Senators point to 50 studies on VA problems; Shinseki urges more patience
By TRAVIS J. TRITTEN | STARS AND STRIPES Published: May 15, 2014
WASHINGTON — Senators grilled embattled Veterans Affairs Secretary Eric Shinseki Thursday, saying about 50 federal reports in recent years warned of problems long before a scheduling scandal involving veteran deaths exploded last month.
Shinseki said he is “mad as hell” that employees may have falsified records on VA wait times and urged patience from Capitol Hill lawmakers as his agency investigates allegations. But he told lawmakers he has no intention of resigning.
The retired four-star general’s job appears under threat as the Department of Veterans Affairs is rocked by reports of wrongdoing in at least 10 states. In Arizona, allegations surfaced in late April that a Phoenix VA hospital kept a secret list concealing long waits for health treatment while 40 veterans died.
Veterans’ groups and members of Congress have called for Shinseki to resign, and the VA inspector general has launched a probe in Phoenix. That probe will not be completed until August, the IG testified.
On Wednesday, President Barack Obama directed one of his top advisers to assist in a review the VA service, which constitutes the largest integrated health care system in the United States and serves 6.5 million vets per year. White House deputy chief of staff Rob Nabors will be temporarily assigned to the VA to work on a review focused on policies for patient safety rules and the scheduling of patient appointments, officials said Wednesday.
The Associated Press noted that the move is similar to the action the White House took last year when it assigned longtime Obama aide Jeffrey Zients to take over management of the troubled HealthCare.gov website from officials at the Health and Human Services Department. HHS Secretary Kathleen Sebelius later resigned her post.
“If any of these allegations are true in Phoenix and elsewhere … they are completely unacceptable to me, to veterans and the vast majority of VA employees who come to work every day to do their best for those veterans,” Shinseki said. “It is important, however, to allow the inspector general to complete his duty.”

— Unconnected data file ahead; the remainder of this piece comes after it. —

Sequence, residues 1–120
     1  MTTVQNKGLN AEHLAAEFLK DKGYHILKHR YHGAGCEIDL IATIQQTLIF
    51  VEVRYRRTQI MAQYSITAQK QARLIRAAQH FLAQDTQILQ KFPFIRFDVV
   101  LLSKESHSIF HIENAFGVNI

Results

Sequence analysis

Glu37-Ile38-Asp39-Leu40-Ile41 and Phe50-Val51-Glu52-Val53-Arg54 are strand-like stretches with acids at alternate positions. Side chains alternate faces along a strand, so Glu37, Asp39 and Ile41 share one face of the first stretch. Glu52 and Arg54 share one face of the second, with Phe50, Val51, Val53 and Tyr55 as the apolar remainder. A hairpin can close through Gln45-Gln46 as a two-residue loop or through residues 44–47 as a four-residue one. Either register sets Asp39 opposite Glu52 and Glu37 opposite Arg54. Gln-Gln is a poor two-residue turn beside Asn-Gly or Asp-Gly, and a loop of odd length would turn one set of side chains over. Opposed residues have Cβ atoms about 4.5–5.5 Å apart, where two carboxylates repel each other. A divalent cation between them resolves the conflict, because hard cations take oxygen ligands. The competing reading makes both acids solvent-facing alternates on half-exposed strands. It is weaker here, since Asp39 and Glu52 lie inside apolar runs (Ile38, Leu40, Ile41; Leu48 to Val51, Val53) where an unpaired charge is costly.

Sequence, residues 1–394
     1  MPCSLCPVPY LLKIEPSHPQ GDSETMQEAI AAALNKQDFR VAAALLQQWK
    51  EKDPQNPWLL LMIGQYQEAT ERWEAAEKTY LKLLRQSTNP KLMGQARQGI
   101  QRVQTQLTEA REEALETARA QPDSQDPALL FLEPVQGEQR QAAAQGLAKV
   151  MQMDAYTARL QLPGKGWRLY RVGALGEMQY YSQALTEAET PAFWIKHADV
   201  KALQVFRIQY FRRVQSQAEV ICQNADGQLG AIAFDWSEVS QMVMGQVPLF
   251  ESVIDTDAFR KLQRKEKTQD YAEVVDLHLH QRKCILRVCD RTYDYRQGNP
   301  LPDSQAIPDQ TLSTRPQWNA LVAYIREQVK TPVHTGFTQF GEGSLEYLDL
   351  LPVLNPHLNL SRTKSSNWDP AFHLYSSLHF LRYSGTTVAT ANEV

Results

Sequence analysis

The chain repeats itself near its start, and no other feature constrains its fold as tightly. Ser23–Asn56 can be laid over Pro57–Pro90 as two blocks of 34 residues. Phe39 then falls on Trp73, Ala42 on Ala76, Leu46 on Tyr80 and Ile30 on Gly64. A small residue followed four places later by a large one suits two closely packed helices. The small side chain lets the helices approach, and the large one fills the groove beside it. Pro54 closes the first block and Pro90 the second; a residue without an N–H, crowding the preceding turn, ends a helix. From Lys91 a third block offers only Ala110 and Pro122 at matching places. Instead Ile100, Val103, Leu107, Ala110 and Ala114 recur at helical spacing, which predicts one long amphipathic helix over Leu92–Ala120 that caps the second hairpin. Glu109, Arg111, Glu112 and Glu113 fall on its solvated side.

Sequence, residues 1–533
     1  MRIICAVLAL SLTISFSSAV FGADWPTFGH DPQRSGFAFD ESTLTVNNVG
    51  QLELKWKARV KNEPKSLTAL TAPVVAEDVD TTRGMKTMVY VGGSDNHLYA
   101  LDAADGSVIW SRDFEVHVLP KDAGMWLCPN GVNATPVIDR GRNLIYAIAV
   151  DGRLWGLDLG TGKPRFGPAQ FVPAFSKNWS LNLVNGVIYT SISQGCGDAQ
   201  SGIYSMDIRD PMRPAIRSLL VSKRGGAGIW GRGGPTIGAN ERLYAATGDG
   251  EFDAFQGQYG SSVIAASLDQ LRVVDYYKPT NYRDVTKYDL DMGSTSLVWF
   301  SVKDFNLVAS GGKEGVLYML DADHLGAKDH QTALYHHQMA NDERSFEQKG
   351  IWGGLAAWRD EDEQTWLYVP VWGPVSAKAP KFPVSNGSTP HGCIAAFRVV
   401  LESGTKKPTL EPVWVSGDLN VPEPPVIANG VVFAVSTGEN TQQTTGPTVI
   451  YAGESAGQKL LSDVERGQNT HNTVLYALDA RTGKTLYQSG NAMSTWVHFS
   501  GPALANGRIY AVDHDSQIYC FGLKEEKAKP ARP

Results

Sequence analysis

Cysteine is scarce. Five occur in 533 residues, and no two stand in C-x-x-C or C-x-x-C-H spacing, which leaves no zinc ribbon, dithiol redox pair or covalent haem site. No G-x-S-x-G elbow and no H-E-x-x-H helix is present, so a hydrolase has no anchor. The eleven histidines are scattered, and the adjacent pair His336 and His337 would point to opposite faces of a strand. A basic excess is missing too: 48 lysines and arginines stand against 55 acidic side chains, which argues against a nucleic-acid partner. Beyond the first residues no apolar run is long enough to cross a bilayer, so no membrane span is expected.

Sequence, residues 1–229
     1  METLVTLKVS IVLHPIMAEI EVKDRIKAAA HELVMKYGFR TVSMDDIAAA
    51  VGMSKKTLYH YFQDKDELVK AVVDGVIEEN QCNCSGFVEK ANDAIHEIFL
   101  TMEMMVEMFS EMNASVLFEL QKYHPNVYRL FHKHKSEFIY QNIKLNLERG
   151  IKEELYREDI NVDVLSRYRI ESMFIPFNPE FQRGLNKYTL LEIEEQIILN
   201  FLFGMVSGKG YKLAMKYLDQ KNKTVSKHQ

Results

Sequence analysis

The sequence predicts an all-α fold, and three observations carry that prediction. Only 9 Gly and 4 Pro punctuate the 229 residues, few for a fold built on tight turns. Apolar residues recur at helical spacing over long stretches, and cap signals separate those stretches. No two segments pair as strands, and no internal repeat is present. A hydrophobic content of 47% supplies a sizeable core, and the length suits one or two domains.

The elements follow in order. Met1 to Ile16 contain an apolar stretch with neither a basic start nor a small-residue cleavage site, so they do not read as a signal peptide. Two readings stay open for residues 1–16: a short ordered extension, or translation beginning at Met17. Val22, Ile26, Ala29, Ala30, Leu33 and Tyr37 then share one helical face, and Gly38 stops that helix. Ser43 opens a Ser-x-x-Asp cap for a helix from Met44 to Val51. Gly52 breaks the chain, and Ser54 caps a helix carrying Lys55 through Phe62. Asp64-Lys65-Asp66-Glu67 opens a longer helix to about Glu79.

He said the VA has fired or moved employees, including senior officials, in the wake of the scandal and will also spend the next three weeks reviewing its health care system, which has some 1,700 points of entry, and will use those results to make improvements.
Sen. Bernie Sanders, I-Vt., the Senate Veterans’ Affairs Committee chairman, asked the VA secretary why, year after year, new federal reports are published describing access and care problems at the agency’s facilities.
Shinseki said various reports by the IG and Government Accountability Office have been used by the VA to improve its system. The department reacted to long treatment wait times at its facilities by last year requiring that all patients be seen within 14 days of requesting an appointment. But whistleblowers are now alleging that VA employees falsified records to make monthslong waits appear to fall within the two-week rule.
“It doesn’t mean we have solved every issue,” he said. “It does mean we have taken care to address those issues.”
Sen. Richard Burr, R-N.C., asked Shinseki if he was aware of a report that a VA facility in his state double-booked veteran patients for the same appointments and recorded patient visits to “ghost clinics,” facilities that do not exist or are not in operation. He said the allegations were sent in a letter to President Obama.
“I can’t say that I remember it,” Shinseki said.
When asked why he should not resign, the former Army chief of staff and Vietnam veteran said he came to the VA to improve the agency and provide health care to those he had served with over a 38-year military career.
“I intend to continue this mission until I’ve satisfied that goal or I am told by the commander in chief that my time is served,” he said.
The Phoenix VA scheduling scandal that exploded in April coupled with the years of problems left Senators and national veterans’ groups questioning VA leadership. Sen. Jerry Moran, R-Kan., said he had worked with nine directors of the VA over his political career and health care has been deteriorating under Shinseki’s tenure.
“The quality of that service is diminishing and that was not true until recently,” Moran said.
Senators told Shinseki they wanted action.
Sen. John McCain, R-Ariz., who made a special appearance at the hearing Wednesday, said VA beneficiaries should immediately be given more flexibility in choosing where they get treatment to avoid long waits at clinics.
“My fellow veterans can’t wait the many months that it may take to finish [the IG] report,” he said.
The nation’s largest veterans groups also testified, saying they were angered by the allegations that some were dying while waiting for care, and that better leadership was needed.
Tom Tarantino, chief policy officer for Iraq and Afghanistan Veterans of America, said long wait times are not new to the VA but would be solved if “good leaders have the information they need to fix it.”
But instead, the long delays in scheduling health care for veterans appears to have been hidden by VA employees that doctored hospital records, Tarantino said.
“This is indicative of a culture of failed oversight and accountability,” he said.
Veterans expect action to correct the problems to be “taken in weeks, not months” and urged completely independent investigations of the scheduling and health care claims independent of the VA, Tarantino said.
“Veterans need to see the secretary step out in front of this issue and lead,” he said. “We want a proactive secretary, not a reactive one.”